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Hamilton: Muse, Wife, & Whore

Updated: Jul 8, 2020


Hamilton: An American Musical. A brilliant piece of writing that is not without its flaws...


I was lucky enough to have seen a touring company perform Hamilton here in Rochester in 2019 (courtesy of the Rochester Broadway Theatre League), after which I, like so many others, purchased the soundtrack to listen to on repeat. Last night my family and I watched the original-cast, film version on Disney+. Let me just start off by saying it's definitely worth watching (and if you don't have Disney+, you can sign up for a free trial to watch it!). Despite the things I'm about to point out that I took issue with, the things that they get right - which is a lot - they get VERY, very right. It lives up to, and maybe even exceeds, the hype.


At this point I think everyone knows enough about the show that I don't need to describe it, nor do I need to tell you what a smash hit it has been, with numerous awards, a seemingly-permanent spot on Broadway, two national touring companies, and residencies in Chicago and London. That's five companies performing the show basically year 'round. I'm just saying. It's, like, kind of a big deal.


BUT. But...


Obviously, this show made its name giving diverse actors and singers a huge stage (literally and figuratively) on which to shine. Hamilton presents history in a different light by casting a racially and ethnically diverse set of performers to dramatize the founding (and founders) of this country through a mix of hip-hop, rap, R&B, and a few nods to traditional musical theatre show tunes.


It is "America then, as told by America now," so they say. Just don’t go looking for anything approaching a contemporary look at gender diversity and equality.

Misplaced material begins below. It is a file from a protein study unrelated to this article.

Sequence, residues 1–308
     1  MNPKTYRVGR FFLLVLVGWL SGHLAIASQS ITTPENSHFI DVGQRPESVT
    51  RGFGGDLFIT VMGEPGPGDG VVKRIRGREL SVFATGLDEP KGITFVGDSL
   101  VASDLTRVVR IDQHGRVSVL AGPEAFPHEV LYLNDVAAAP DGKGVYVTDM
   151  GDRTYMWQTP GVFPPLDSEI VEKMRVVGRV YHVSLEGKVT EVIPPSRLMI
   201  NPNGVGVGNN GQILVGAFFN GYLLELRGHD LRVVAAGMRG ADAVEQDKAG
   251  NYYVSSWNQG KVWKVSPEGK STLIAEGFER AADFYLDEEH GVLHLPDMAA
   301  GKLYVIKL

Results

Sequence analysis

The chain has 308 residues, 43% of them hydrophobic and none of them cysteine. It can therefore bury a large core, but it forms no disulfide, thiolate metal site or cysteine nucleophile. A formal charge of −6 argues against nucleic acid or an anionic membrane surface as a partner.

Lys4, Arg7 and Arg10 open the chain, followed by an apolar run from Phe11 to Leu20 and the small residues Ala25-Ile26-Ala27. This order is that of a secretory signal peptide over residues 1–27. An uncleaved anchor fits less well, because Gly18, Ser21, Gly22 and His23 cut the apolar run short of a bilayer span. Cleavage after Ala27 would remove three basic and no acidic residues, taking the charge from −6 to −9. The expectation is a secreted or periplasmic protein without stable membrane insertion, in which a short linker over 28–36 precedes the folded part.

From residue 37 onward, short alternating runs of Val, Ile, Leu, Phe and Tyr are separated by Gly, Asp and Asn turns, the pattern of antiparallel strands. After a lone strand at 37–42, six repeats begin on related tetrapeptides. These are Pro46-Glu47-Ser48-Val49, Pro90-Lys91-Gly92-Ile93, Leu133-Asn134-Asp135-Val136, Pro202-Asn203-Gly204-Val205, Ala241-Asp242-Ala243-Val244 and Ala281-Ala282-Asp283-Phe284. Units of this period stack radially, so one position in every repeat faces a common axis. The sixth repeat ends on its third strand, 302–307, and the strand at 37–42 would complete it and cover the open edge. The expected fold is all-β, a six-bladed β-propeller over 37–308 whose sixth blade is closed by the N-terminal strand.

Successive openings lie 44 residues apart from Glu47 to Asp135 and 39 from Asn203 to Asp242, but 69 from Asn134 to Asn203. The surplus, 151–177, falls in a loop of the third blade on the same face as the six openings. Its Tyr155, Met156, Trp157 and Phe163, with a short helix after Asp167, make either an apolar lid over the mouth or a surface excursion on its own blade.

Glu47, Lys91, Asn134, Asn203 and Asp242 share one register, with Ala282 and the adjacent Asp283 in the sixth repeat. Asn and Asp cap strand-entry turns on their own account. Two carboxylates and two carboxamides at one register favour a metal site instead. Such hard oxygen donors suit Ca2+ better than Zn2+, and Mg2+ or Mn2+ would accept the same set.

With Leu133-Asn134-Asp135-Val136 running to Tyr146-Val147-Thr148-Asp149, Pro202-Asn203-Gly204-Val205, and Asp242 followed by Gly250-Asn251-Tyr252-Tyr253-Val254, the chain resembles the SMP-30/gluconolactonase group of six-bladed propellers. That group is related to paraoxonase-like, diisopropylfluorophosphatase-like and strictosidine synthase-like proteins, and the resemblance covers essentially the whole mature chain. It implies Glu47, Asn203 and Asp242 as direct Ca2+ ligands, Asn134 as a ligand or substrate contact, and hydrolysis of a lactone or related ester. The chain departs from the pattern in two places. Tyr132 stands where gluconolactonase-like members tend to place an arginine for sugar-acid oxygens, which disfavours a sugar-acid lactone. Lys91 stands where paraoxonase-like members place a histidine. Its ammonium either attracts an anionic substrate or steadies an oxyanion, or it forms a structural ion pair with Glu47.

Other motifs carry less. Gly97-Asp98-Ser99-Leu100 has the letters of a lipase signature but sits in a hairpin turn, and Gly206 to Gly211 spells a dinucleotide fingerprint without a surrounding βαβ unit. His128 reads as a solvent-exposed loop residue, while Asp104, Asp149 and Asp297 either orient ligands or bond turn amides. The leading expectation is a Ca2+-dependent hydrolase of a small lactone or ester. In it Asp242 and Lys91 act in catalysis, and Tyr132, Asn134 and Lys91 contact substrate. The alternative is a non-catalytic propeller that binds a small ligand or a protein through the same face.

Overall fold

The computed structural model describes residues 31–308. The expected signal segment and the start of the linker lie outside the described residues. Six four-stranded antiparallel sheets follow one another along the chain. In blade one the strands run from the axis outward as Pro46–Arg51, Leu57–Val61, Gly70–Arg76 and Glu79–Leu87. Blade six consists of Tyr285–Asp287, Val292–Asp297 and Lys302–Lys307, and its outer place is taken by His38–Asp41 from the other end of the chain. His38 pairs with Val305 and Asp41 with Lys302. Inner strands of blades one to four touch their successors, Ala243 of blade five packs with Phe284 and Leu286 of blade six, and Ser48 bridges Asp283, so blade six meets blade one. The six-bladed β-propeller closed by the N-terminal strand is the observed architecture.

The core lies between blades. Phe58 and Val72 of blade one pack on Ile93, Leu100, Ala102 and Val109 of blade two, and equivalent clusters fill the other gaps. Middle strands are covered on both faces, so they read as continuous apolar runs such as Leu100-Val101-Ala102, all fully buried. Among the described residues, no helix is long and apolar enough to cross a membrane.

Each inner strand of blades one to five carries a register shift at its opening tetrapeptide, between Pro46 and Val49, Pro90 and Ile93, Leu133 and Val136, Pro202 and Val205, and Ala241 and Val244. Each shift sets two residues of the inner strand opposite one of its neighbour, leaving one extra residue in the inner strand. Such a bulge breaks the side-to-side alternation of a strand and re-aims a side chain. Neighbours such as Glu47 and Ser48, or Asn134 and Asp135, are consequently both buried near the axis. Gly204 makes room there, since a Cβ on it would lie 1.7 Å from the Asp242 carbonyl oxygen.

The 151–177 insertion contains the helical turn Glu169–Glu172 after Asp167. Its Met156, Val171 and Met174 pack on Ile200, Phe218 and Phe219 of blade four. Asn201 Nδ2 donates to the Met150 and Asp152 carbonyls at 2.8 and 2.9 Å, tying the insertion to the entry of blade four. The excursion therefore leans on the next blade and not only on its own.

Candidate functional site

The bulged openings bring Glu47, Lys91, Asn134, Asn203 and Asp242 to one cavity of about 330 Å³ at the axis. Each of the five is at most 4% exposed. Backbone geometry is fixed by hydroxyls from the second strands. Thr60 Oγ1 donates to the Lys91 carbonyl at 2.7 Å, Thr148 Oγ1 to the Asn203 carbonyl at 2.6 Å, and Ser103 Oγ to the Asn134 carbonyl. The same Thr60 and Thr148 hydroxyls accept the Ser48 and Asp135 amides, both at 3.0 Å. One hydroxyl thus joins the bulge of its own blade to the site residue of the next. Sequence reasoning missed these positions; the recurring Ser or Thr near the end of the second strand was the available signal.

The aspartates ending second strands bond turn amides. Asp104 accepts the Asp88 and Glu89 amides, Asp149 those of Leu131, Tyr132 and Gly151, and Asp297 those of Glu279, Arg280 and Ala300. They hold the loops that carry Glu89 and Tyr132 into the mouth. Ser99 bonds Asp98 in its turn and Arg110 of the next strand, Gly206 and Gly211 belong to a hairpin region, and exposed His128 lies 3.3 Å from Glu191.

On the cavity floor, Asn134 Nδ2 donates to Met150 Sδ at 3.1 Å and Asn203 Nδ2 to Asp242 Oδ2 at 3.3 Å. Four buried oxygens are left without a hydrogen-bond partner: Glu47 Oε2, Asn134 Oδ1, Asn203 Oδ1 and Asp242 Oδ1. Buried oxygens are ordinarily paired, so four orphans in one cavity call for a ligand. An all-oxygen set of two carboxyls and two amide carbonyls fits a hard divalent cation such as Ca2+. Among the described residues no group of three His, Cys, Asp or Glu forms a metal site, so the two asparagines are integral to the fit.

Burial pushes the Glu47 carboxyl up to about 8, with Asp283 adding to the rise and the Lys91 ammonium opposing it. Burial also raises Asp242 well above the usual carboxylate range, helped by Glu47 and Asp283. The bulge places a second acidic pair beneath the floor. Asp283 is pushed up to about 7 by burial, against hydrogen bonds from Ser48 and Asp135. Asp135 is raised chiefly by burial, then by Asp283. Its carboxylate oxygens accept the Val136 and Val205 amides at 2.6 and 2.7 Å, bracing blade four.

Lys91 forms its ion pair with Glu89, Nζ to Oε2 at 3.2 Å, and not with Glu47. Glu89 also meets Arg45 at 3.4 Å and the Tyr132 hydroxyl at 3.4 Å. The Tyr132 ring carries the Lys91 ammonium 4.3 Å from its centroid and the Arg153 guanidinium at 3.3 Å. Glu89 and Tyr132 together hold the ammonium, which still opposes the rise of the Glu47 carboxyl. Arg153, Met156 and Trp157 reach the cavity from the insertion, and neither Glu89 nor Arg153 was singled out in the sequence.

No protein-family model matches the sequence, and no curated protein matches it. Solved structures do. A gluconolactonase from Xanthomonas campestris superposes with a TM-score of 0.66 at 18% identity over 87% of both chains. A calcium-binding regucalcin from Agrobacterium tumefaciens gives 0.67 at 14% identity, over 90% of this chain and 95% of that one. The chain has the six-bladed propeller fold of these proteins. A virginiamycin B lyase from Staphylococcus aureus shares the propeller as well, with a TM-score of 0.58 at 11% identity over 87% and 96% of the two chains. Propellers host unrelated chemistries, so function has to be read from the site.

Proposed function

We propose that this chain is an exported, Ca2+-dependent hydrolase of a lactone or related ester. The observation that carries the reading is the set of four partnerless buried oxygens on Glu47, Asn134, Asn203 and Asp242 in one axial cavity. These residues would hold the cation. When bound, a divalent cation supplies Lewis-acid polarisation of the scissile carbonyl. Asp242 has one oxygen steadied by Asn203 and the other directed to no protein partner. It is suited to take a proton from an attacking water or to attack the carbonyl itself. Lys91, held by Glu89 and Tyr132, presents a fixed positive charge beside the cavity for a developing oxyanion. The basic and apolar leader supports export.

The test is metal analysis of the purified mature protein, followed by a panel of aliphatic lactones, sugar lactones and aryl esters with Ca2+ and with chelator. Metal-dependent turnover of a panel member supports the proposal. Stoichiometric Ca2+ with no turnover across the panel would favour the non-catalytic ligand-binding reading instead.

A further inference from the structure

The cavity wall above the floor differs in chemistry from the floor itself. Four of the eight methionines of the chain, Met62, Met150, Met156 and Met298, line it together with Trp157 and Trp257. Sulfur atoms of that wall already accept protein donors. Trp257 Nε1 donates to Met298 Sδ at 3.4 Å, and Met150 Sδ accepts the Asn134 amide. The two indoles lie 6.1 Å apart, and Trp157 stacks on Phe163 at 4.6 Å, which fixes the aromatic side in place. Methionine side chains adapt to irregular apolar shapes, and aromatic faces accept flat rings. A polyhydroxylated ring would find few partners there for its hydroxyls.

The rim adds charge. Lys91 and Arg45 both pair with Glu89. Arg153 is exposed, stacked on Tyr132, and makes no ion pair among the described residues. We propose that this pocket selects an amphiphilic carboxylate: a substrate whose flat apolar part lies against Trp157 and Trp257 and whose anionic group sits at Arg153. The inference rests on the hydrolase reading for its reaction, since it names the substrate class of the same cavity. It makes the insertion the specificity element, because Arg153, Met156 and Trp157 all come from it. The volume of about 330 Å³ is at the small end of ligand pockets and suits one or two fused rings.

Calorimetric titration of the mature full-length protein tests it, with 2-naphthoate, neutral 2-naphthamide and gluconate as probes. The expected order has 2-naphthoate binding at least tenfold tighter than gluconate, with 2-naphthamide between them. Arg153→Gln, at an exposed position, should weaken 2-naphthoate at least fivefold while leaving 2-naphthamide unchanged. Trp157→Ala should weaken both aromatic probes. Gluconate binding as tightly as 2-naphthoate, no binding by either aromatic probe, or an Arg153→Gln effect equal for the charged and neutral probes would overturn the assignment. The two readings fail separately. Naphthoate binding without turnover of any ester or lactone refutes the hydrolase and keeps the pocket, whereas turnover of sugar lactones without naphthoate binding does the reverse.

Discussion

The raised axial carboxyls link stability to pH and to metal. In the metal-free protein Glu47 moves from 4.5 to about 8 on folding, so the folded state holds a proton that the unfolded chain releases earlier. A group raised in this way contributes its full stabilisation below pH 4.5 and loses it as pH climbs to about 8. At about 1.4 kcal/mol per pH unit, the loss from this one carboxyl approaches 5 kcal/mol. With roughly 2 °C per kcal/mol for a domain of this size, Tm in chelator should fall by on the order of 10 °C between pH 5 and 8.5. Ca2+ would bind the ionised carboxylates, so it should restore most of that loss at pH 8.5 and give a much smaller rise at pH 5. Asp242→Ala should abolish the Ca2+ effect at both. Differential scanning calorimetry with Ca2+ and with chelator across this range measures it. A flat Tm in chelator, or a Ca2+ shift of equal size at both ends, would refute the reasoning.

Listen, I get that no single show/song/book/whatever can ever be all things to all people. And don't get me wrong - I do LOVE this show. But truthfully? When I listen to the soundtrack I skip over every single song involving the main female cast members. And it's certainly not because they are inferior singers (not at all). It's because every song involving the women characters is so cringeworthy, and, honestly, a little sad. Because WHY are the women pigeonholed into the same, age-old, misogynistic tropes of muse, wife (or mother, Madonna, martyred widow), and whore?


Muse: Angelica Schuyler, to be used for her intelligence, an emotional and artistic sounding board, the woman he would marry/sleep with if that didn't "ruin" her as the idealized, up-on-a-pedestal woman. She has a mind of her own, but it is only useful when it's helping to fuel the true genius of the man for whom she serves as muse.


Wife/Martyred Widow: Eliza Schuyler Hamilton, the dutiful and ever-suffering, the child-bearer and home-maker, to whom he is beholden because she serves as backbone and moral compass of the family. She takes him back after he cheats (of course she takes him back, what else would she do with her life) and spends her widowhood carefully crafting his legacy.